Post-Review Note: Despite the long gestation period for this review, most of it was written within the first few months of 2013 and I’ve chosen to let the text reflect the strength of my emotional reaction at the time. As time has passed and I’ve seen the film again on Blu-Ray and TV, the pain of disappointment has subsided due to familiarity. I’m willing and even eager to hear from fans who think An Unexpected Journey isn’t an artistic failure; heck, even Dr. Corey Olsen, The lauded Tolkien Professor, defends the films with some rather impressive arguments. (I actually haven’t read that article yet, as it has spoilers for The Desolation of Smaug, but I’ve listened to literally hours of him and his cohorts talking about the films on his excellent eponymous podcast.) I remain disappointed in Peter Jackson’s vision for The Hobbit, but discussion of it remains fascinating.

Movie Review: “Legend” (1985)

Legend Ridley Scott Mia Sara unicorn

Legend Ridley Scott Tom Cruise Mia Sara

Title: Legend (1985) IMDb
Director: Ridley Scott
Lead Actors: Tom Cruise, Mia Sara, Tim Curry
Score Composer: one version has Jerry Goldsmith’s score, the one I saw has Tangerine Dream’s
Length: 89 minutes; U.S. theatrical version (there are at least two other versions with different lengths)
Rating (US): ? Couldn’t find an official rating, but it’s an intense PG or a light PG-13, I’d say; there’s lots of darkness and terror to scare kids, and it opens with a scene of unidentified people being tortured in the background of the Lord of Darkness’ lair.
Spoiler-free Synopsis: A young man of the forest must rescue his girlfriend Princess Lily and the last surviving unicorn from the Lord of Darkness, who wishes to marry Lily and rule the world by destroying daylight.
Reason for Watching: 80’s fantasy film.
Movie Re-watchability: The film’s main attractions are its art design, sets, and special effects, which all combine to create a dreamily dark, surreal atmosphere. You may want to rewatch it occasionally for this, and for Tim Curry’s magnificently campy turn as the Lord of Darkness, and perhaps for some of the oddball side characters. However, the doe-eyed main characters and their simplistic love story and quest may prove tiresome with multiple viewings.
Director Re-watchability: While he can struggle with really pulling a film together so that its themes make sense, Ridley Scott has undoubtedly directed some of the most interesting and entertaining movies of the past three decades (and more if you go back to 1977’s The Duellists, which I haven’t yet seen), including Alien, Blade Runner, Gladiator, and Kingdom of Heaven, to name but a few. Some of his movies are much better and more re-watchable than others, but as a director he consistently delivers something of value.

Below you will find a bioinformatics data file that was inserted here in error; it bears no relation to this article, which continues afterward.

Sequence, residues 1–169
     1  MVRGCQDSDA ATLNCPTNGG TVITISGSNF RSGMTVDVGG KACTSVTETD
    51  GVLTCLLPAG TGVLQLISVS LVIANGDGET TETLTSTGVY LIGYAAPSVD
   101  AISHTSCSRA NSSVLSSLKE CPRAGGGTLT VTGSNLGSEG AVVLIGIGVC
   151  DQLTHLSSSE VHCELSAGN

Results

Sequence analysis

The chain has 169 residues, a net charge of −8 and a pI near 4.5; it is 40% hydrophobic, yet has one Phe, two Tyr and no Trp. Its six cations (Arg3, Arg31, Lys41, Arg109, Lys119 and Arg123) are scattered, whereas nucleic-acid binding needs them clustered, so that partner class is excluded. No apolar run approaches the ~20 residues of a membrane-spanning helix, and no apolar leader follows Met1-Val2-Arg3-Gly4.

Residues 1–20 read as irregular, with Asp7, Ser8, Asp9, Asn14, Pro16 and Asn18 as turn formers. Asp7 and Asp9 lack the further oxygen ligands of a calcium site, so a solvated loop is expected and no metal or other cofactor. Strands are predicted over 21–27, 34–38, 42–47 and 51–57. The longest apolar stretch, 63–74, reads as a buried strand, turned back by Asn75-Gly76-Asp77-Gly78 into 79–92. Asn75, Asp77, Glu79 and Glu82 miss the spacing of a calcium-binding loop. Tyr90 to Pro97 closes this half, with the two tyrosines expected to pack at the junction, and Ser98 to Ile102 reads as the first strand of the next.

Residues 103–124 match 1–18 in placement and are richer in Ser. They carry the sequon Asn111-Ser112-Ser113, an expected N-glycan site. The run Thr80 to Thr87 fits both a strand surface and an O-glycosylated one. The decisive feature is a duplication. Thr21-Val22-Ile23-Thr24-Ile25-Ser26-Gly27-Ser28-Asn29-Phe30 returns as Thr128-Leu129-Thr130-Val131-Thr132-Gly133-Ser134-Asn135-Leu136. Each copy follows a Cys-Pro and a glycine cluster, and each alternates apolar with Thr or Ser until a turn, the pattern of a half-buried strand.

Recommendation: One of Scott’s weaker films, to be sure, but I found it to be nonetheless enjoyable, and rather fascinating in its own way. I’m a sucker for heavy atmosphere that effectively transports me to a different place, and that’s what Legend delivers in spades. If you like seeing classic fantasy tropes played straight, without a lick of irony, and don’t even mind an accompanying lack of complexity, then you will find this movie worth it. But as noted above, the actual story and its accompanying protagonists are too bland and boring for this to be a true classic.

Key Thoughts

If there were a glass ball that held within it an exquisitely cliché, exquisitely beautiful fairy tale world of radiant meadows with princesses and unicorns frozen in their frolicking, with glistening snows and cackling goblins, and with “hidden” treasures and pixies not quite out of sight, and I looked into it and shook it, so that snowflakes and flowers began to fall and the world rolled into action, this might be what I would see taking place.

Legend Ridley Scott Tom Cruise Mia Sara
*shake shake*

The main charge against Legend is that it is all style without substance, and this charge I cannot completely deflect. After all, snow globes and glass figurines are wonderful to look at, but do not typically provide much food for the mind. The movie’s characters are the definition of simple, filling only one role each, and its narrative is deliberately designed to be derivative. Ridley Scott—a director known primarily for his striking visuals and epic atmospheres—reportedly set out to film the most classic, archetypal fairy tale he could. He doesn’t attempt a unique twist on the material, or a subversion, or even a transcendence. He attempts what has been done before, but intending to do it better than anyone else—this is intended to be the movie that you think of first when the words “movie fairy tale (not Disney)” come to mind.